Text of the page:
Collaboration is the key to survival
The Monadnock region is rich in its commitment to education and the arts. It’s a place where people have long come for training and praxis in the theater, visual arts, music, as well as humanities. Close to 70 years ago, the Sharon Arts Center was incorporated with a mission to, as its website says, “provide education in the theory and practice of the arts and crafts through instruction, exhibitions and marketing assistance.” And more than 50 years ago, Franklin Pierce University was founded in Rindge as a liberal arts college. And there are many other examples of this commitment, some still around and others that have closed, which we could list.
But now there are reasons to be concerned about the fate of both institutions, as financial challenges loom.
The New Hampshire Institute of Art, which became the parent organization of Sharon Arts in 2012, has announced enrollment at the Manchester and Sharon campuses isn’t what was projected. While enrollment may be up or holding steady at Franklin Pierce, but deep tuition discounts mean the school isn’t taking in what it would at full-price tuition, according to Doug Ley, president of the faculty union. Plus, FPU’s debt far exceeds the university’s meager endowment, Ley said in an interview last week, following President James Birge’s announcement that he will be stepping down after the next school year.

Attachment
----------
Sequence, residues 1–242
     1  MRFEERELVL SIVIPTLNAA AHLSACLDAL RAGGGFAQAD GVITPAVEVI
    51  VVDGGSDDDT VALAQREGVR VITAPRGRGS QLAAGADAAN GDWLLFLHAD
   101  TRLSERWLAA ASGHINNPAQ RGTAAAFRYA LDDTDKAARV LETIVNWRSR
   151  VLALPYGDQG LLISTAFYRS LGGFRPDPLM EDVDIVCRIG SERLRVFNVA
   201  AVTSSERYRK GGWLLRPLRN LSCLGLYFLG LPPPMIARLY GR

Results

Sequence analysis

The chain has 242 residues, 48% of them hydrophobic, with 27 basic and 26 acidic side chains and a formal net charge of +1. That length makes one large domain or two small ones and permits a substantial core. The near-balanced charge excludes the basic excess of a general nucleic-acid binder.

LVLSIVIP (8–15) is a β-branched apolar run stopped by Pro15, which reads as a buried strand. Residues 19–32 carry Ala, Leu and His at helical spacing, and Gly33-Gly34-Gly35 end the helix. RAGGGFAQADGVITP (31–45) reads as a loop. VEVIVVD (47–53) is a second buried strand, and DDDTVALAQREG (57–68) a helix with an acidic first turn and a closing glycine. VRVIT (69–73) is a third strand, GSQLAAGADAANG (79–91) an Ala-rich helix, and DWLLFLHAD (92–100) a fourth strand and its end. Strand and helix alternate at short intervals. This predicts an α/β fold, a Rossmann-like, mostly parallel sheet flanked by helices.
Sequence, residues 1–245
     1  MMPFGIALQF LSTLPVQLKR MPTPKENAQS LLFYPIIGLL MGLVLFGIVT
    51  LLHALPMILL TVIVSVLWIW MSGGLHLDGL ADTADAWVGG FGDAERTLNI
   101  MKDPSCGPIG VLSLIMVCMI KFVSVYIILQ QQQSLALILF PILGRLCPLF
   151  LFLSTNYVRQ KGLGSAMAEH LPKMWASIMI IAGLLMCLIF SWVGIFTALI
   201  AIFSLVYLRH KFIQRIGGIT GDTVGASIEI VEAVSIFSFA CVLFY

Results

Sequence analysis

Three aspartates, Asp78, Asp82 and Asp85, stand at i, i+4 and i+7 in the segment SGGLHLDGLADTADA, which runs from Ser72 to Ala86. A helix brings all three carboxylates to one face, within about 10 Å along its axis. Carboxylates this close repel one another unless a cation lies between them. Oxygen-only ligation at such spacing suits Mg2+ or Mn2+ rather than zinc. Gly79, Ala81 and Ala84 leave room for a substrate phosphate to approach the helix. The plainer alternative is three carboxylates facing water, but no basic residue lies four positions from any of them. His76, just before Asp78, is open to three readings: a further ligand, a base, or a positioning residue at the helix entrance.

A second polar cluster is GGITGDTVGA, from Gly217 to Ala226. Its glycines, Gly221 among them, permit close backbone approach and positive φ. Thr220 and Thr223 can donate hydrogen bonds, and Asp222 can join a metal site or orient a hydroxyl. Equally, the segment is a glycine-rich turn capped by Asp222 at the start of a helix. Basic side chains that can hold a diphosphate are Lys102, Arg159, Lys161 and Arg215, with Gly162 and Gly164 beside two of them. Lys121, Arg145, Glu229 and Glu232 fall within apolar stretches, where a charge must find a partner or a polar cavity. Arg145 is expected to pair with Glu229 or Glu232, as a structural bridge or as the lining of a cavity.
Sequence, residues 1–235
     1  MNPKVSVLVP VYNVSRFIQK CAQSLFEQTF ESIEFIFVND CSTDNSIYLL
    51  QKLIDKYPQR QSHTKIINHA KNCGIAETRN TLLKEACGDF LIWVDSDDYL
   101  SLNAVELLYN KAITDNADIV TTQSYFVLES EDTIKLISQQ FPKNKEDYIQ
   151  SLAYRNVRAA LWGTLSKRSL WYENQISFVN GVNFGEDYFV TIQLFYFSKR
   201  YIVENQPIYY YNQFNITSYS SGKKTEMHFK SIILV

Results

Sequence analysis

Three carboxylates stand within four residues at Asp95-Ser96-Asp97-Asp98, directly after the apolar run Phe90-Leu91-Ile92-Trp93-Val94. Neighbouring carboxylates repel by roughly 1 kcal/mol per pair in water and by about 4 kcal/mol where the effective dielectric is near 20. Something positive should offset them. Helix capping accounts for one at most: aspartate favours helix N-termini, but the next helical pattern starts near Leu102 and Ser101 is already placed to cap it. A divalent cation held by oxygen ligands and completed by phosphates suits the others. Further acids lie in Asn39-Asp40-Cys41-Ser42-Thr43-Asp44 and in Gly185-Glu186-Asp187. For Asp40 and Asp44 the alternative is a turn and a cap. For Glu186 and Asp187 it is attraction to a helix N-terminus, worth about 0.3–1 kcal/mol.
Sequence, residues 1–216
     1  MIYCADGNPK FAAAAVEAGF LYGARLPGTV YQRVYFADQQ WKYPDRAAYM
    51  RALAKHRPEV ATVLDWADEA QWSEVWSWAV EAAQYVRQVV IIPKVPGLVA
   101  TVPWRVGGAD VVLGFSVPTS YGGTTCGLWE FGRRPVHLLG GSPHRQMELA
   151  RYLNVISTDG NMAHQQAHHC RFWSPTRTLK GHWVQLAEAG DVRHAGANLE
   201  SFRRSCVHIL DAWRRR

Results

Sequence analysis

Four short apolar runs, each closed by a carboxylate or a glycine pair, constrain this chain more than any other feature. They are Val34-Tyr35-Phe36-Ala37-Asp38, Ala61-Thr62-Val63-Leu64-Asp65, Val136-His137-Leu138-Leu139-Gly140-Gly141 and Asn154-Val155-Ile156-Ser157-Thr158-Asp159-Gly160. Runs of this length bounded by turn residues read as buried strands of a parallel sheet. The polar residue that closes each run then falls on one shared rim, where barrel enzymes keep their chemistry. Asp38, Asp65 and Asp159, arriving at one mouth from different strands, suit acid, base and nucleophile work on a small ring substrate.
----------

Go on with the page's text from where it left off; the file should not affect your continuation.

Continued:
For schools throughout the Northeast and beyond that rely on tuition and donations for the major part of their revenue streams, the past handful of years haven’t been easy. And now, as Ley said, FPU at least is down to the bone, with administrators asking faculty for concessions.
The global economy is transforming the face of higher education, with demands of the market, particularly for affordability, shifting the tide that at one time saw a steady increase in tuition costs. With the real world closing in, it’s hard to imagine the college campus ever being the same.
The days of going to school for four years straight or more, racking up tens of thousands in college loan debt, and worrying about it later are over. What’s more, the same decline in population our public schools in New England have seen in recent years is affecting colleges and universities, too. But the question is how will our beloved institutions survive?
Sharon Arts had the foresight to look for collaboration opportunities with NHIA, and NHIA has recently been looking at other such opportunities, namely with Southern New Hampshire University. Though that plan is on hold at the moment as the school works to build consensus among staff, collaboration may be the key to their survival nonetheless.
As Ley has pointed out, collaboration has to permeate the entire institution. Constituents, particularly faculty and students, want and need to know what’s happening. Their support and loyalty will go a long way, as sacrifices and concessions are required.